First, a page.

The Blair Witch Project

The Blair Witch Project ★★★★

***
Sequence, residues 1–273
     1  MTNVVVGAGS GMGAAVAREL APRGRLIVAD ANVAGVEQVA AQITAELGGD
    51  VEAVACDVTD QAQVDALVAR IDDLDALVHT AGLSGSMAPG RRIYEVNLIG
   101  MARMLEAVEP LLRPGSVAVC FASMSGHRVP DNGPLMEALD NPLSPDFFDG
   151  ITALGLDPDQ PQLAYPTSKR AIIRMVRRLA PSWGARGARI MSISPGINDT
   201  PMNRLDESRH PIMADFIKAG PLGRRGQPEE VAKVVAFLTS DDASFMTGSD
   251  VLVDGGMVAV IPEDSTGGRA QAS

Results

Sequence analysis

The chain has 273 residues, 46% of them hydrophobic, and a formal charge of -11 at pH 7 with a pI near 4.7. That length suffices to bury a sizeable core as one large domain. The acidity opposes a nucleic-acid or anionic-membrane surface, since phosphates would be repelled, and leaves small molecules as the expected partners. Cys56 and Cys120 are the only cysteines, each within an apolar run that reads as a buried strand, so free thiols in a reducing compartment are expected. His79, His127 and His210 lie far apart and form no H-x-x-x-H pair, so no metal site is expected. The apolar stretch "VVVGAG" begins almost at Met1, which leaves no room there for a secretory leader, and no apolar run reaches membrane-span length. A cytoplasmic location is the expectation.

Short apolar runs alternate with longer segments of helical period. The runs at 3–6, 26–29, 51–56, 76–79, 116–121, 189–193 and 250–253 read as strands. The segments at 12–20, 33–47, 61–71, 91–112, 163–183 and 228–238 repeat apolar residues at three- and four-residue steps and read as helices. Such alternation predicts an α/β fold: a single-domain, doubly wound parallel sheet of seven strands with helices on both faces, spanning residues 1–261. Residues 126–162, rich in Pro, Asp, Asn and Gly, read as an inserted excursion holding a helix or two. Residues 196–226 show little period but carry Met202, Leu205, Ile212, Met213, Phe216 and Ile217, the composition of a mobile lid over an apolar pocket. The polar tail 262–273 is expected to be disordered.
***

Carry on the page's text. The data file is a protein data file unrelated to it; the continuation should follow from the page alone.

contrary to what I’d like to believe – being exposed to horrific and, admittedly, cathartic reveals of what had previously been only imaginable in sci-fi/horror – the implied imagery of what’s happening beyond the camera here is more satisfying than what anyone could have – or should have – ever conjured up: an image formed by the loose information we’re provided; a thin, witch-like provocateur indulging in satanic behaviour, literally bending geography and irking the very grounds these characters stand on. essential to its deceit is the legitimacy of the conflict and rapport between characters, as well as the vital recording of every moment being as foreign to the characters as it is the viewers; the tension grows higher and higher due to the camera’s presence, but rather than an explosion of the deeply petty exchanges, there’s a dread-inducingly existential collapse. the scrounging for purpose and hope in the deafening echoes of their idle arguments and cyclical travels is rendered completely useless upon the acceptance of ruination, and worst of all, that’s exactly what the antagonist wants. perhaps an over-rationalization of something that is very purely terrifying and undeniably innovative, but there’s such an immense understanding of the inherent horror in every genre and district here. it’s brought about in a documentary format here, presented as realistically as possible to unearth a then unheard of medium for horror, all the while exploring a myth by blurring its two sides: believers and skeptics. as straightforward as these documentarians want to present their subject – and in part because of the corner they’ve painted themselves into – it’s, still, not quite reality. calculatedly brilliant and distressingly hopeless.

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